The Tulip

Carpet within The Blue Mosque, Istanbul, featuring blue tulips ready to blossom (central)
Silk Lattice Design with gold tulips and pomegranate superimposed with red and blue rosebuds; Turkey probably Bursa 1550 – 1600 The V&A Collection

The symbolic importance of the Tulip to the Ottoman Empire is seen within the use of the motif throughout their textiles, ceramics, tile work and rugs in a myriad of patterns formations and variations in the tulip forms. Within the Sufi language the Tulip and its parts have different meanings.

– The colors symbolise God.

– Tulips have a black/dark interior. The structure (from dark interior to colourful exterior) symbolises ‘the tolerant, respectful Dervish who overcame interior evil to become bright’.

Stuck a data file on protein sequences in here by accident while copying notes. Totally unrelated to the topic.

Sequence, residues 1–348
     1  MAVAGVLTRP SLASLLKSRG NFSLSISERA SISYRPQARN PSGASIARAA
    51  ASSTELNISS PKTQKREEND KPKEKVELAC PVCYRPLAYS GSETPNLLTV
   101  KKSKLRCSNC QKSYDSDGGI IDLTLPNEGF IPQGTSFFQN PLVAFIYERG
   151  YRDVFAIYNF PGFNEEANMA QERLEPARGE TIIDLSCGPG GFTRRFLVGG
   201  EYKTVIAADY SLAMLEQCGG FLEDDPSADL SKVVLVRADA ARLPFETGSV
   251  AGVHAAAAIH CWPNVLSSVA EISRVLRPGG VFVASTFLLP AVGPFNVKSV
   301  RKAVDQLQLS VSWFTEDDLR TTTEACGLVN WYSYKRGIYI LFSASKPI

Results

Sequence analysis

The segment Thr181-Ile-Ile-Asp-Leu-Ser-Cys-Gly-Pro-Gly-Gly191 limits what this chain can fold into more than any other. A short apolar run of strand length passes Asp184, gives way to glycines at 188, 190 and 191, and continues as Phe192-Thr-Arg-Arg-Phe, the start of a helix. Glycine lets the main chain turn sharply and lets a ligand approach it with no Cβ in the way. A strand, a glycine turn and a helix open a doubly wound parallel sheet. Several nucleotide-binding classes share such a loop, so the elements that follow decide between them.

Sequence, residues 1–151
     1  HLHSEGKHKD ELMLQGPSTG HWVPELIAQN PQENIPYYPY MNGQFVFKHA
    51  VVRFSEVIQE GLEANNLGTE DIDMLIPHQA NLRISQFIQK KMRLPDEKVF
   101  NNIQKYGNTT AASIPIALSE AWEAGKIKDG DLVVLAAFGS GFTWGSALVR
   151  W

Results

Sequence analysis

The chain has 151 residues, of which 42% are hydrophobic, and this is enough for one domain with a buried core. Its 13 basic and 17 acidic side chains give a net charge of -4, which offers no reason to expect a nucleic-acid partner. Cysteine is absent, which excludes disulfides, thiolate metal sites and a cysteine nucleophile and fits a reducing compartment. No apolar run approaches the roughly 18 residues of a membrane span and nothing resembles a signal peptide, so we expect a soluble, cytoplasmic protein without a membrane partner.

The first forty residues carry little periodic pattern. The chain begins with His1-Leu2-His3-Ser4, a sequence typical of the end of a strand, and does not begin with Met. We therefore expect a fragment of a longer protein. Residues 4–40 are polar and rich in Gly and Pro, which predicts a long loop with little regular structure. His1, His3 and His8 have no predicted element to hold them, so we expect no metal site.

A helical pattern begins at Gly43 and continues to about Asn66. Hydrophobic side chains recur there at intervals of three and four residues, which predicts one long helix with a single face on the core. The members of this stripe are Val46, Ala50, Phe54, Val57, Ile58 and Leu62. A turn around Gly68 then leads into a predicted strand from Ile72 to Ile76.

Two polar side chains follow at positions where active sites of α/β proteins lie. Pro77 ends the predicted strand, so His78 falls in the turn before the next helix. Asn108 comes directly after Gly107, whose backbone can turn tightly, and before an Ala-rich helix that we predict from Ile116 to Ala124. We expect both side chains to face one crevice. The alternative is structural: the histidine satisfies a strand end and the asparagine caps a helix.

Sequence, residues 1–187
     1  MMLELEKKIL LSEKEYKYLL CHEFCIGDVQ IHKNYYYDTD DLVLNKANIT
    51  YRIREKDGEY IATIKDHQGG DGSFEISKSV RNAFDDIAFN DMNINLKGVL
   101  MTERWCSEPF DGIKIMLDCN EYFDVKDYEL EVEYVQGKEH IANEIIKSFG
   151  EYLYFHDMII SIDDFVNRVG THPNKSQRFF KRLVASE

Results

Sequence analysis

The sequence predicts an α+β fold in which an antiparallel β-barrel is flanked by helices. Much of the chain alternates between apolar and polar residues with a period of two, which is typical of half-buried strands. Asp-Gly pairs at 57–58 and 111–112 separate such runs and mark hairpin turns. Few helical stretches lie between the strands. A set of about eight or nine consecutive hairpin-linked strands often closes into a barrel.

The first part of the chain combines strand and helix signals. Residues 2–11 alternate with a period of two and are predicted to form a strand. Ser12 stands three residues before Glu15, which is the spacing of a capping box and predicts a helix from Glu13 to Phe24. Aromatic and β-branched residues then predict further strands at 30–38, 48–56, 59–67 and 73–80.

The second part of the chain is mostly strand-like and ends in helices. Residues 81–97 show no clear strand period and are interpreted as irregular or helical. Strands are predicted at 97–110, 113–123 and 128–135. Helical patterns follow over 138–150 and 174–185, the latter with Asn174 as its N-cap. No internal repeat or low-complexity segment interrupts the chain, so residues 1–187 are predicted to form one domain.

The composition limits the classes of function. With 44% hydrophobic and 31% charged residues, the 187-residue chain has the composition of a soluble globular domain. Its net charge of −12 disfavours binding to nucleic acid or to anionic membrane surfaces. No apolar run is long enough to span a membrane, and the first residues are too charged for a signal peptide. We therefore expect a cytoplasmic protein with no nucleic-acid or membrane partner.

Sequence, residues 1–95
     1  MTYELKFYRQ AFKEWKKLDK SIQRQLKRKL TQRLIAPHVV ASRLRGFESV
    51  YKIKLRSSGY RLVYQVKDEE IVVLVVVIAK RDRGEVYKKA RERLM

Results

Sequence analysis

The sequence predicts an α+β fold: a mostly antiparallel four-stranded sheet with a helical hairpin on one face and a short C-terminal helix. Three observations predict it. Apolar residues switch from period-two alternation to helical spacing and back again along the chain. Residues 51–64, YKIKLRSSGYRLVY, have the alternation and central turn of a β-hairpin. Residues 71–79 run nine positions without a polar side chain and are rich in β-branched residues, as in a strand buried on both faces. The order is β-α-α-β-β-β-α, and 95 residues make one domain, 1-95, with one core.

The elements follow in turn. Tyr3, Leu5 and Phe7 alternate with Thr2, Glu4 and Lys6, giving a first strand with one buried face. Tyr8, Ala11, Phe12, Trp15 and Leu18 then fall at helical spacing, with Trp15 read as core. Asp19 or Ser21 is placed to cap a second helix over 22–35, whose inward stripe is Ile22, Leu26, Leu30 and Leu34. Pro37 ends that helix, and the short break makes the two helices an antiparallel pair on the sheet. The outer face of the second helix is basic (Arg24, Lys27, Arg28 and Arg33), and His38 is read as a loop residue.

– Tulips have six petals symbolizing the Six Articles of Faith. Often within the patterns, though, they are shown with three or four petals as they are drawn from a side view.

– The petals and their configuration in the patterns mean different things. When facing upwards, for example, they represent the Dervish opening arms to the sky praying.

Detail of Embroidered Princes Kaftan: Meandering Vine with Tulips (from side with three petals) 1590 – 1600 The V&A Collection
Tiles with repeat pattern, Turkey probably Iznik, About 1580 The V&A Collection. Tulips drawn from side view with four petals
1 comment
  1. Maz said:

    Aaaaah…. ….Ssssssssh…takes my breath…

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